Her and Selena from 28 Days Later are on my team of badass zombie fighting women. I really can’t tell George Romero how much I appreciate Sarah’s coolness and the fact that she wasn’t a stupid bimbo running around in her underwear with a gun, going up the stairs when she should be going out the door.
Despite her awesomeness, Sarah is constantly dogged by Captain Rhodes and his creepy underlings, Steele and Rickles. Miguel is also constantly harassed for not being strong enough, because he’s clearly cracking under pressure. Sarah tries to help him but he resents her and is embarrassed that she’s holding up better than him.
The movie made me wonder what makes a human human. As I said in another post, my first reaction to zombies is always to just shoot. I figure they’re hostile and they’re not like us. Dr. Logan’s approach is actually quite interesting, although I think it’s impractical. There are just so many zombies with so few humans, they could never train all of them. I think he estimated the zombie-to-human ratio as something like 400,000 to 1. Dr. Logan’s star “pupil” is Bub. Sarah notes that Bub doesn’t get agitated when Dr. Logan’s around because he doesn’t see Dr. Logan as lunch. It’s clear that Bub remembers things from his former life. It’s revealed that he was a soldier when he actually salutes Captain Rhodes and handles a gun correctly. I actually thought it was quite touching when Dr. Logan played “Ode to Joy” for Bub and showed him how to use the tape-player.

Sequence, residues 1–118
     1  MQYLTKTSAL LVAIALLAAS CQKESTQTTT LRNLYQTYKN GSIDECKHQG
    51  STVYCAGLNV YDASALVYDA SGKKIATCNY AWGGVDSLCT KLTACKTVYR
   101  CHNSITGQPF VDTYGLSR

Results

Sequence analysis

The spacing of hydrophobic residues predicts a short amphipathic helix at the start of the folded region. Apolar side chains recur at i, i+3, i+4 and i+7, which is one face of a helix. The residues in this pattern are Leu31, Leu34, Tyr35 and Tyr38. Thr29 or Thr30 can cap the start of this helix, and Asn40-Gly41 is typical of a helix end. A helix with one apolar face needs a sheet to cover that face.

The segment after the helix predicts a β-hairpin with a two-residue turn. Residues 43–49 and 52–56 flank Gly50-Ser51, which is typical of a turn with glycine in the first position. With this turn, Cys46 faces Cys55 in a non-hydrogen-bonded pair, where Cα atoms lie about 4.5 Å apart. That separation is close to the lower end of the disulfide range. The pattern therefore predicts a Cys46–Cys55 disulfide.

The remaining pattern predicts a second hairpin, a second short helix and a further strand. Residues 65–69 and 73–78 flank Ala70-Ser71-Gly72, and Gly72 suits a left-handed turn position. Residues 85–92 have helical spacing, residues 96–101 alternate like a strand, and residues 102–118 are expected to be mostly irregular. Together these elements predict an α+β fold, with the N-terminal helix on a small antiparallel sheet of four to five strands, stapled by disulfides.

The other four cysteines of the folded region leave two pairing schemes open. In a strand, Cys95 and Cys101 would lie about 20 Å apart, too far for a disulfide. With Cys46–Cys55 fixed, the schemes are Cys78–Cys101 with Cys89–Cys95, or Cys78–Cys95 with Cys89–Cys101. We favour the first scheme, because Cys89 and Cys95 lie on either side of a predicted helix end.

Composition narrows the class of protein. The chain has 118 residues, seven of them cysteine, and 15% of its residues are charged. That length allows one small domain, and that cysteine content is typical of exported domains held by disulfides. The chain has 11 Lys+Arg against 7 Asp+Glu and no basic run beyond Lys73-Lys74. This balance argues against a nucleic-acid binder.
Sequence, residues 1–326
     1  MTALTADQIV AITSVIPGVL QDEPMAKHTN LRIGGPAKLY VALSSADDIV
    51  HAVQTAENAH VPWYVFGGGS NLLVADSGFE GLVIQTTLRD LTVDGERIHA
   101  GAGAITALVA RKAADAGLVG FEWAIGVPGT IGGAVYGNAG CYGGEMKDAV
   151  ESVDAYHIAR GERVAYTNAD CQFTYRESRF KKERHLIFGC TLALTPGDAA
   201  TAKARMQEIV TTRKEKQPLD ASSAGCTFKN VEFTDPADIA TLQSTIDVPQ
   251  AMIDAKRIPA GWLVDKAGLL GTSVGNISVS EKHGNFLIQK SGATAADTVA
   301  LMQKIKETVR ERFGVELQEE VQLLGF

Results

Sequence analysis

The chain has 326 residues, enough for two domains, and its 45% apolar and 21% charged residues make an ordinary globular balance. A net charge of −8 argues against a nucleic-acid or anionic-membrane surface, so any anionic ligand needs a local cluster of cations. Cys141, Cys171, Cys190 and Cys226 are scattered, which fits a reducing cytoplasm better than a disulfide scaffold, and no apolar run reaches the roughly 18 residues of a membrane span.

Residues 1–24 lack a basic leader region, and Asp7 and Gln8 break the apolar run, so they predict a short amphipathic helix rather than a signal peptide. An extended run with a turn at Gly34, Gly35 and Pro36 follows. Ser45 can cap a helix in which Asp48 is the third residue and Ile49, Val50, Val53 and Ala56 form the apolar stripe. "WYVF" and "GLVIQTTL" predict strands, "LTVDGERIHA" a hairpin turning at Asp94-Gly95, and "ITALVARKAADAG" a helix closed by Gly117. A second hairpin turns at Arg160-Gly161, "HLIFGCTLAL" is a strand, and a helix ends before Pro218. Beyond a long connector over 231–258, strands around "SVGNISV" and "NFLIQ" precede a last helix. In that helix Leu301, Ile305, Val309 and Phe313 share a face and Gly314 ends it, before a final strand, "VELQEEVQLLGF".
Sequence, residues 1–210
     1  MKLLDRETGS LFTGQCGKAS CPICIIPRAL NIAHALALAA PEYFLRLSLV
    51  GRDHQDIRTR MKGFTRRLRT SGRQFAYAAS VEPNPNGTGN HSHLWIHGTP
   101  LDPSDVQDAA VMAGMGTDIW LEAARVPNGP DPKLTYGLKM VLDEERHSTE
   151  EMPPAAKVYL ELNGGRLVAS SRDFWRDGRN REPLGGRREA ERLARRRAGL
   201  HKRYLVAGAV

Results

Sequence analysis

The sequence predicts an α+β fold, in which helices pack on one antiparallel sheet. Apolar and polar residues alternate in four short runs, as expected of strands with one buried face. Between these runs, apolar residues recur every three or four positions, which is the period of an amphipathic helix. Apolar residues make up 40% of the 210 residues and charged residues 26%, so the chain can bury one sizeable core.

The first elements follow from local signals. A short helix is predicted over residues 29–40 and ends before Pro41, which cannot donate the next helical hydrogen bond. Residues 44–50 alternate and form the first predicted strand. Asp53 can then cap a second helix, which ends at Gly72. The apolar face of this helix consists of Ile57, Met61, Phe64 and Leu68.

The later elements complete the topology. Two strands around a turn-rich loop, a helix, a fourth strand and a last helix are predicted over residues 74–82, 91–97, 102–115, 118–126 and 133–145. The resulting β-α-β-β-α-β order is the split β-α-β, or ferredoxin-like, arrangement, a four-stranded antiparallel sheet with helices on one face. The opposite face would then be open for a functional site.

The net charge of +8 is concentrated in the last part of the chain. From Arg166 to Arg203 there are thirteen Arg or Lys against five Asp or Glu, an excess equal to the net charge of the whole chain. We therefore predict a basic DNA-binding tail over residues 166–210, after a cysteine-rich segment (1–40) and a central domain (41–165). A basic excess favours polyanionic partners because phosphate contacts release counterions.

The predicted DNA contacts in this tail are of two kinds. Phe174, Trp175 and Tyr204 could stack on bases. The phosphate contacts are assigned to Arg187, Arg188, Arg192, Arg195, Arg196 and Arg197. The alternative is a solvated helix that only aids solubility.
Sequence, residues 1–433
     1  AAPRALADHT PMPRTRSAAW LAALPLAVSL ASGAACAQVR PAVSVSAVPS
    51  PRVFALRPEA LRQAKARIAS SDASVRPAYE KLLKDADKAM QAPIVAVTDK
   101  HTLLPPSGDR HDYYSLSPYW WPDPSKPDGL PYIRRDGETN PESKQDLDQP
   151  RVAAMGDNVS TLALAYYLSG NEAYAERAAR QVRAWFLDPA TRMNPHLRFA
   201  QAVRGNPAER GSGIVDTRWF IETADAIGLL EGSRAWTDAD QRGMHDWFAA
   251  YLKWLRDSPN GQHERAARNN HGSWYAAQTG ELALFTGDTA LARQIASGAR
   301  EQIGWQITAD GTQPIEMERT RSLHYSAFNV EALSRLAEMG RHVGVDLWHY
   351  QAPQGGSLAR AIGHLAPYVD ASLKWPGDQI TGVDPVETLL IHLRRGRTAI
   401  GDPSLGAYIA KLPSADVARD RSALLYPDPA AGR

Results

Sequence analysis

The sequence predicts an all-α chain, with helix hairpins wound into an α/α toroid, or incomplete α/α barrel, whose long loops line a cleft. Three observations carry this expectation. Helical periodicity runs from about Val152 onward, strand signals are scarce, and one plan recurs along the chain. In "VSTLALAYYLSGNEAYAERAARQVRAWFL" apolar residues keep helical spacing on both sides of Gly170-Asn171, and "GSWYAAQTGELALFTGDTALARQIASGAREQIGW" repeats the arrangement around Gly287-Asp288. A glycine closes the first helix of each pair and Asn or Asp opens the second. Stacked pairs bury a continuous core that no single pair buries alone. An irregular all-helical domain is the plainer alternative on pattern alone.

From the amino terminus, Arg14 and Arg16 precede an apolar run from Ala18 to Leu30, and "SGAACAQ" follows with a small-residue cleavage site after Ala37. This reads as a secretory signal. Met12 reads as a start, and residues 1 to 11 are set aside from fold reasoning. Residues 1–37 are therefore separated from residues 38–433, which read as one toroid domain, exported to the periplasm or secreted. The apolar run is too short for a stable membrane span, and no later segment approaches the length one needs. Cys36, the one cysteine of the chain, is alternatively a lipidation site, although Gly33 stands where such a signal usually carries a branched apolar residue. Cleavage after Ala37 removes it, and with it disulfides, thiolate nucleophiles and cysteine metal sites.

Of the three that I’ve rewatched so far this is the goriest. The effects work is absolutely top-notch and holds up remarkably well today. This scene never fails to make me sick.
There are also moments of humor within all the grossness and horror and despair. For some reason, I always crack up when I see that Dr. Logan gives Bub a copy of ‘Salem’s Lot to play with.
As for the Zombie of the Movie, I give the award to…
The zombie clown alert has been raised to orange, signifying an elevated threat of zombie clowns.
I will say that the movie suffers from what I like to call Eighties Synthesizer Music Overload. Parts of the score are fittingly creepy, but parts sound like the zombies are being followed by Depeche Mode. And no one is scared of Depeche Mode. But don’t let that keep you from watching this movie. Ignore all the mixed reviews and fighting and give Day of the Dead a chance.
- Scarina--the authoress and editrix of this site. I like scary movies and have dedicated my free time to cataloging horror--the good, the bad, and the ugly. Sometimes there are books too.
There's film criticism, literary criticism, and humor here. I can be highbrow but there's lots of pop culture too. And feminism.
I fervently love "Twin Peaks" and wish it were a real place so I could move there. I can't list my favorite scary movies because they change depending on my mood, the season, and how much coffee I've had.
I'm an artist looking for ways to blend creepy with cute. I try to channel my childhood nightmares, my love of horror, and my experiences with sleepy paralysis.